Skip to main content


Originally, the Greek alphabet was written from right to left, but a form of writing called boustrophedon later developed.

In boustrophedon, lines of text alternated direction: One line would run from right to left, then the next line would run from left to right, then the next line from right to left again, and so on in zigzag fashion down the page.

Gradually, this system died out and all lines were written from left to right. Boustrophedon was generally seen just in Greek writing, but some early examples of Etruscan and Latin writing also use it, so it's not completely unheard-of for Latin-alphabet text to be written right to left.

In boustrophedon, the shape of a letter on a right-to-left line was the mirror image of its shape on a left-to-right line, enabling the reader to tell easily the direction of a given line of text.


Popular posts from this blog

Panic or panick

There is only one spelling for panic; the verb is inflected 'panic, panics, panicked, and panicking’. The form panick is used for progressive tense, past tense and past participle. We don't write panick today, though English speakers from a few hundred years ago might have (in the same way they might have written musick).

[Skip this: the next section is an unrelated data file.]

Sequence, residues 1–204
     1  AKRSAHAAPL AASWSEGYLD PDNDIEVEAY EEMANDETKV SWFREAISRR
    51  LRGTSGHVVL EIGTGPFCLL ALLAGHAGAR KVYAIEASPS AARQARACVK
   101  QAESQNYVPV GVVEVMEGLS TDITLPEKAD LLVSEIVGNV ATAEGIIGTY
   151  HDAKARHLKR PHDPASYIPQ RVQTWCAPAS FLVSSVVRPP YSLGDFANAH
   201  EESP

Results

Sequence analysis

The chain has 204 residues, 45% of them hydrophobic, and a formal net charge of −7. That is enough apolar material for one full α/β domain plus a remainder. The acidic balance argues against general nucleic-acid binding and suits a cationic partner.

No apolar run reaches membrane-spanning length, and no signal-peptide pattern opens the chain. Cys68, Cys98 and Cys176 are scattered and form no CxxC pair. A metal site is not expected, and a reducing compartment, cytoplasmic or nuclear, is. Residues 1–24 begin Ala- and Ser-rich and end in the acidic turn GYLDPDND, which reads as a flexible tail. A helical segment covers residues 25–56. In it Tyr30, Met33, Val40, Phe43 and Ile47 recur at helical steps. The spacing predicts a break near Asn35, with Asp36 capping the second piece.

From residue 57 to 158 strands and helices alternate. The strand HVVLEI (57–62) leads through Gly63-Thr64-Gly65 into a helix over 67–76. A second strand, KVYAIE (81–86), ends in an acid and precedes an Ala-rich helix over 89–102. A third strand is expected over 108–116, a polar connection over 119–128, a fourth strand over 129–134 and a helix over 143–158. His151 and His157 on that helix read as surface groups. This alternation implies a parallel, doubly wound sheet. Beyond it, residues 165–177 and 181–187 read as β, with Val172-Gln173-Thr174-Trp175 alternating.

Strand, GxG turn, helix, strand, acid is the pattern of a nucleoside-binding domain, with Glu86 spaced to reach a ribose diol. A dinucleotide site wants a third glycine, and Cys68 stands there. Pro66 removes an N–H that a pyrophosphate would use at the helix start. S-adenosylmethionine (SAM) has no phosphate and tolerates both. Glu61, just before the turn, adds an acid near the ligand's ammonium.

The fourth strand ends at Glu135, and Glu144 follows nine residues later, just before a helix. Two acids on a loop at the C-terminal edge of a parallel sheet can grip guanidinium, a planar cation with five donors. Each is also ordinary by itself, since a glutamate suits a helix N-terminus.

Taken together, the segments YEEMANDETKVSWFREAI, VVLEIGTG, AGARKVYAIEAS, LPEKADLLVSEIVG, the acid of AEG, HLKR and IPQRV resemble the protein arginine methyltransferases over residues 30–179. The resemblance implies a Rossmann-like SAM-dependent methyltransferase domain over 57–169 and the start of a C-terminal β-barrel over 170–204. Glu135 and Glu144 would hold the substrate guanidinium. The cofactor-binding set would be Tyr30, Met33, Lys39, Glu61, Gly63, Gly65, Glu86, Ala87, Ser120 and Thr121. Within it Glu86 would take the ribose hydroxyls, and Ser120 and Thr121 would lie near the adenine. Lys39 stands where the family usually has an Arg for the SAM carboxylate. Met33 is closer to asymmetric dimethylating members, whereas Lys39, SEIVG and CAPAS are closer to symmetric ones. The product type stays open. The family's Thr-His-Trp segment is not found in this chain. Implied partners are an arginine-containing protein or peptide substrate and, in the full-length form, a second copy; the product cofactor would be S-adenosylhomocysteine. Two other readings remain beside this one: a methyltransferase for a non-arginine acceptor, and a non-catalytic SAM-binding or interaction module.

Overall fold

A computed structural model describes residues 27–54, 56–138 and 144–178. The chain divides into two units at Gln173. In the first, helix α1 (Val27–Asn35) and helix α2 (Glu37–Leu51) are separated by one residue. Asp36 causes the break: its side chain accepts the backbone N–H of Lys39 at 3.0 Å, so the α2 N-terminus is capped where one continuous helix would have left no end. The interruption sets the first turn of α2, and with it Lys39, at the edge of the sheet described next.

When the alternate spelling “panick” is used for the past participle: "I panicked last night at the disco." When it’s use for progressive tense: “Invariably, when markets are panicking, they sell the stocks quickly.”

It's the rule for root words ending in "c" is that you have to add “k”, so the spelling is related with the pronunciation. If we don't add the <k>, it looks as if the <c> has to be pronounced /s/. If the "k" was not there, “panicing” would look like the word which is supposed to be pronounced as if it is ended in "sing," while “paniced” would be pronounced like “panised”.

The same would …


"PEMDAS" - parentheses, exponents, multiplication, division, addition, subtraction, is the "order of operation" in a single math expression.

Sans Foy, Sans Joy and Sans Loy

Sans: without

The origin of sans was Old French sanz, from a variant of Latin sine 'without', influenced by Latin absentia 'in the absence of'.

Sans Serif, a typeface without short line at the top or bottom of a letter.

In the long poem 'The Faerie Queene' by Edmund Spenser, three dark knights  called Sans Foy, Sans Joy and Sans Loy, meaning "Faithless", "Joyless" and "Lawless",  they fought Red Cross Knight Sir George, they are brothers.

sans-culotte, literally 'without knee breeches', was a lower-class Parisian republican in the French Revolution. an extreme republican or revolutionary.